I don’t know. Was is just me, or was the Quickfire Challenge something like: here’s some ingredients. Go ahead and make something? Oh yeah, and demonstrate technique. Well, Padma, what sort of technique? Knife skills, flavor, product preparation, presentation? And nice of Daniel Boulud to suggest meditating for a few moments before diving into cooking. Has he never watched the show? Half the fun is watching the participants (I’m not going to call them cheftestants. Say what you will, but these people do work hard and have put in a lot of time in front of the stove) scatter when P. says, “Your time starts now!” Another victory for the Rooster, but, hey, didn’t he work for Daniel before? Should we worry about favoritism?
The movie tie-in to the Elimination Challenge was interesting, but what about these movies they chose. A Christmas Story? Good Morning, Vietnam? I was amazed Kiwi and Ryan pulled off the Christmas Story, but what were Spike and Manuel going to re-imagine? K-rations? Overall, most of the gang really pulled off the challenge and elicited a lot of positive feedback from the judges. They loved the Willy Wonka-inspired salmon which started off the meal, the meat course Stephanie and Lisa put together (Stephanie couldn’t possibly win another challenge, could she?) and sparred a bit when the guest celebrity, a critic himself, objected to their harsh judgement. I think Richard Roeper reminded the audience sometimes taste can overcome technique even in the face of Ted’s snarky comeback.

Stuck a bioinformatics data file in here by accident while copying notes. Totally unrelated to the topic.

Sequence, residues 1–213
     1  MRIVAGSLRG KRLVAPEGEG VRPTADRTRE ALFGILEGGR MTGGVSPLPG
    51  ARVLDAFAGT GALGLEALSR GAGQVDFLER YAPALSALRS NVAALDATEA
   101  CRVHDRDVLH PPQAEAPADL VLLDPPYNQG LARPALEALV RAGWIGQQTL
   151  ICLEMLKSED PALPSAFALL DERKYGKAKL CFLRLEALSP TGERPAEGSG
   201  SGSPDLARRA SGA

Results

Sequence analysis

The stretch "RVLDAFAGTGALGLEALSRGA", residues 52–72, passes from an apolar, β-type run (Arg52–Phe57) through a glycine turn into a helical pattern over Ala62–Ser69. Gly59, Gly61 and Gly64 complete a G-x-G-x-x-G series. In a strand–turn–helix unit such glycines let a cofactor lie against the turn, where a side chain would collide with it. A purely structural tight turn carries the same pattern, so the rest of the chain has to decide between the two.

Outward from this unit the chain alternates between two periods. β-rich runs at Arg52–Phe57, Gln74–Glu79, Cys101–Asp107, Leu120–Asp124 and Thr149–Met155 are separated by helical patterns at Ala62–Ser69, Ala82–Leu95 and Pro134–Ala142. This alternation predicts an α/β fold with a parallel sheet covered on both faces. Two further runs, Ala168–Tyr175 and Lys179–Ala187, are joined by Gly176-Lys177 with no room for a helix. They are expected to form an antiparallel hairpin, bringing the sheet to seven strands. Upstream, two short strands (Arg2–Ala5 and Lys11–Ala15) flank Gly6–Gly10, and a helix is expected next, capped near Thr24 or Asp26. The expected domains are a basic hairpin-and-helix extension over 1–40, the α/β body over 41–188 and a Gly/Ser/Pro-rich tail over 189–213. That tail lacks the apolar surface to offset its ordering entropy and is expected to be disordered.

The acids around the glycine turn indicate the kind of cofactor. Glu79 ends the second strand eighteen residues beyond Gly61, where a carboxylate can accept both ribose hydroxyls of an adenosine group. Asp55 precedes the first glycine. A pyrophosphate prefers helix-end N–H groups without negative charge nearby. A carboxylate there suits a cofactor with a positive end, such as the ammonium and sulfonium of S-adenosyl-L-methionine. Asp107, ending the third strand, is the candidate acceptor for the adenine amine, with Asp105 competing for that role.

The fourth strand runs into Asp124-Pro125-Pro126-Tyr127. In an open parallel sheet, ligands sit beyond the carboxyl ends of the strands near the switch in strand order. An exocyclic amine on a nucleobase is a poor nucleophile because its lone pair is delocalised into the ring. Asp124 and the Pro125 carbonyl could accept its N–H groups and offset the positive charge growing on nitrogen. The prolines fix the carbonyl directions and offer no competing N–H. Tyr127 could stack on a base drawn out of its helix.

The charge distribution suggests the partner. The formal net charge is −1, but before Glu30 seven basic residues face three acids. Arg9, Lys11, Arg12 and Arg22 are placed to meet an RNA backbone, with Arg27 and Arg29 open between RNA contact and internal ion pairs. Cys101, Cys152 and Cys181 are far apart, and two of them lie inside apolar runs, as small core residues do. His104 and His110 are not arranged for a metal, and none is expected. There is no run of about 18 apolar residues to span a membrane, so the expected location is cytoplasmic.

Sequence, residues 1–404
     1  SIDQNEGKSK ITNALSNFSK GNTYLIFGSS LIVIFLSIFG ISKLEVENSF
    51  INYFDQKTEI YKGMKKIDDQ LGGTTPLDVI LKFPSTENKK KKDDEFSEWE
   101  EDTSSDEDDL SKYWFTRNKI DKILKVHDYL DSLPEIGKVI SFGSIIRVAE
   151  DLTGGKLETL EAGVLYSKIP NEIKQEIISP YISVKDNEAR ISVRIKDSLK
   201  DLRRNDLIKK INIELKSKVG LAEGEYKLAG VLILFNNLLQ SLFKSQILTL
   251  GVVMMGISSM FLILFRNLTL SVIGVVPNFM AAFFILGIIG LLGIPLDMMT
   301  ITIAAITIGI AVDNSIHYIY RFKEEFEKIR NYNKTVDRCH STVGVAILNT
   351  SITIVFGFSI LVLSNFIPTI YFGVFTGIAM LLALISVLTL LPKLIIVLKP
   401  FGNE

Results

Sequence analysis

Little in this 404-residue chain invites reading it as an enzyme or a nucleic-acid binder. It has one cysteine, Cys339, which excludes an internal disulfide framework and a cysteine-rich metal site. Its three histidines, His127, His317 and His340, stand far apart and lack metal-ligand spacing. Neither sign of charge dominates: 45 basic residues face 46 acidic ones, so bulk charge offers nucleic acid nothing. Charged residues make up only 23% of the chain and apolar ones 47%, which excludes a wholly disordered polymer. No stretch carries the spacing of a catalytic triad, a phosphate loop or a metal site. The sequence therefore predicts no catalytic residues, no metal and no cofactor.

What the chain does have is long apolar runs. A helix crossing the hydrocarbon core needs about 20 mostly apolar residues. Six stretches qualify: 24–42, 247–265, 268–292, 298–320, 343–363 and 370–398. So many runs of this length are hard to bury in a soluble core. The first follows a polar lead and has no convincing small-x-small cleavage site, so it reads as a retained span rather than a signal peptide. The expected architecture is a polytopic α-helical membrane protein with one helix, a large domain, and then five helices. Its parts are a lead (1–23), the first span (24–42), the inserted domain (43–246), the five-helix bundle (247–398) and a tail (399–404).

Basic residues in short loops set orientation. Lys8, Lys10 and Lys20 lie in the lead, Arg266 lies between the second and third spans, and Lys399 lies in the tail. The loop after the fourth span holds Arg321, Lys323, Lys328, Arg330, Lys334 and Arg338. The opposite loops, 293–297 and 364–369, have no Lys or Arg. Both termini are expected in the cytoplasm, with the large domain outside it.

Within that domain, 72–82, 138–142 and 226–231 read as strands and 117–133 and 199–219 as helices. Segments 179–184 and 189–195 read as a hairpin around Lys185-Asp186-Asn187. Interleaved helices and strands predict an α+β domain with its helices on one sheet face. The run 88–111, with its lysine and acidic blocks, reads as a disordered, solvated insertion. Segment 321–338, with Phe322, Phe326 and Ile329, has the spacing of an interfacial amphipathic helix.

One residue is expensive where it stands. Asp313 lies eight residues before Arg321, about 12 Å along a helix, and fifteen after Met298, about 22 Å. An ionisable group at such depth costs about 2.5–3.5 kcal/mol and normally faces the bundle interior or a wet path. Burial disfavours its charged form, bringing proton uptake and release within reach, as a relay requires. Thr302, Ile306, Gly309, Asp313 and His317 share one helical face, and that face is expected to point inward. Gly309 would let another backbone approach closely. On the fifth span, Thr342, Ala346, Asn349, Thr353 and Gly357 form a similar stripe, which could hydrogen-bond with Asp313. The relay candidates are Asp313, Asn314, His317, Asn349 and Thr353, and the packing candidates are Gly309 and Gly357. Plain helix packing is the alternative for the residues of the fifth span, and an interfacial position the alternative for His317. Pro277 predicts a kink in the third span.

In the end the winners were obvious, and the ultimate losing team, too. But I want to give a little love to Zoi and Antonia even though they found themselves on the chopping block. Their big crime seemed to be setting an expectation about there dish when they presented it, which didn’t match up to the diners’ experience. Tom even said it tasted good, but he kept coming back to it not having the passion and bold colors Zoi and Antonia said it embodied. Their dish was ordinary, not a disaster, but you need at least two teams on the chopping block or else there’s no suspense.
In the end Manuel packs up his knives because he wasn’t assertive enough, which is like blaming the passenger in a car accident when the driver veers into oncoming traffic. The Rooster picks up another win (I bet he’d like Boulud to judge every episode), which must have cheesed off Dale just a little. And there’s my dark horse Andrew hanging around with the winners looking like he may be the villian who makes it to the final Judges Table.